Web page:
An exciting tale of microcontrollers, machine learning and alcohol.
Last week marked 5 years of Appoly, and to celebrate the occasion we held our annual “hackathon”. This is a day which gives the team a chance to innovate and come up with a technical solution to one of a list of challenges, set by Appoly’s managing director James Merrix.
One of these challenges was “Intelligent stock control and ordering for the beer fridge”. Being big fans of the office beer fridge, and knowing the disappointment when it is running low, the choice was a no-brainer.
There are several ways to approach this, and we considered a lot of options; from weighing the whole fridge with some sort of smart scale to calculate its “fullness”, to attaching RFID tags to each bottle to get a granular idea of the fridge’s contents. None of these felt innovative enough though – scales have been around for thousands of years, and no one wants to attach a tag to bottles when loading or unloading!
Thankfully though, our fridge has a glass front, which opened up a different option. If we pointed a camera at the fridge, surely we would be able to work out what’s inside and know whether it needs refilling.
This raises two important questions:-
- What camera can I put in front of a fridge which can connect to the internet, be accessed by code, and not be conspicuous enough to be annoying?
- Given a picture of a fridge, how can I give it a score of being empty or full using only code?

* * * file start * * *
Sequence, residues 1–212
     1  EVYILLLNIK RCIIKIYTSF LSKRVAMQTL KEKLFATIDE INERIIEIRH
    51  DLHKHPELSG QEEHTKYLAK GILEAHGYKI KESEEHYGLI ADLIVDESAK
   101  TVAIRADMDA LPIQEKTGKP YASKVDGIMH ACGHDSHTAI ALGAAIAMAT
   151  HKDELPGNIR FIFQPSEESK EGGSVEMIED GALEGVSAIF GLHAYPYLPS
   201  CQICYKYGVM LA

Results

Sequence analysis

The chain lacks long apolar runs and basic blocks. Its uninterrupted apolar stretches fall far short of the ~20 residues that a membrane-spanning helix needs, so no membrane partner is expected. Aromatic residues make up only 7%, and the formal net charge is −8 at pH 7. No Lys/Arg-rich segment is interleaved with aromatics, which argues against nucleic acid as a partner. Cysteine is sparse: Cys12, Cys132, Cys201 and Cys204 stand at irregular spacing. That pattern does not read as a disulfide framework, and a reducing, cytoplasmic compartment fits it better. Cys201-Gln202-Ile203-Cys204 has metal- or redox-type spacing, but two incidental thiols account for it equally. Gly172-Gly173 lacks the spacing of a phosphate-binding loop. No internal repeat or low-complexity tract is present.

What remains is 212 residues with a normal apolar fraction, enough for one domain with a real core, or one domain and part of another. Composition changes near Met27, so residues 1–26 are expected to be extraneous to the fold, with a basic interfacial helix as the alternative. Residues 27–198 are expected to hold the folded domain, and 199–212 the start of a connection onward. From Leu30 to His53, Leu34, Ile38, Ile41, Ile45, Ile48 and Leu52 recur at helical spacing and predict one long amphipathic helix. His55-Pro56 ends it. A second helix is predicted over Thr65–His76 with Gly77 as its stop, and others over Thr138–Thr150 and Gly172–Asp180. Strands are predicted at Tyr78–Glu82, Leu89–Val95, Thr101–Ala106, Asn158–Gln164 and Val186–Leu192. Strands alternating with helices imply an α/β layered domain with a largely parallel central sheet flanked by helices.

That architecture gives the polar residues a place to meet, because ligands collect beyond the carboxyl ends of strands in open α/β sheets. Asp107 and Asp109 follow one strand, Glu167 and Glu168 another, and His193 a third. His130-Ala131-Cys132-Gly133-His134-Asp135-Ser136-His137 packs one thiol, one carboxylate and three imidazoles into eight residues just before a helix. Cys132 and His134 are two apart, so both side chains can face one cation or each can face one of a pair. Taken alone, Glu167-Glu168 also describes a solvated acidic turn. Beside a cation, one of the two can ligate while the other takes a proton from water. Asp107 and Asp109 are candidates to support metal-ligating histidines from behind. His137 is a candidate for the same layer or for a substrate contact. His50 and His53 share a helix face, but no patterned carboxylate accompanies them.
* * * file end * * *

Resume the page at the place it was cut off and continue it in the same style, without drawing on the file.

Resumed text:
As Wikipedia helpfully says, “ESP32 is a series of low-cost, low-power system on a chip microcontrollers with integrated Wi-Fi and dual-mode Bluetooth”. For the purposes of this article, an ESP32 board is a really tiny computer which has built-in WiFi and – really helpfully – can also come with a built-in camera.
Now, this isn’t any computer. You can’t connect a keyboard/mouse, a monitor, or install Windows. Instead, it is a microcontroller, a computer which is so low-powered that it can only run some C or Python code which is loaded onto it through a USB cable. It can also be bought for under £15 at the time of writing, which is also great.
We decided to code this using micropython – a cut-down version of the Python framework which is suited for this sort of board.
Although neither of us had experience programming ESP32 boards, the code for this was relatively simple. When booting, it would try to connect to our office WiFi, wait until midday each day, take a photo and make a web request uploading the photo to a web service. Remember that these boards really don’t have much power at all, so trying to process the image on the device is a non-starter!
The Web API
So for the question, “Given a picture of a fridge, how can I give it a score of being empty or full using only code?”. This is our solution. In short a web API which takes a photo and uses FastAI machine learning (a wrapper for PyTorch) to score the image as either “full” or “nearly empty”, and notify us when nearly empty.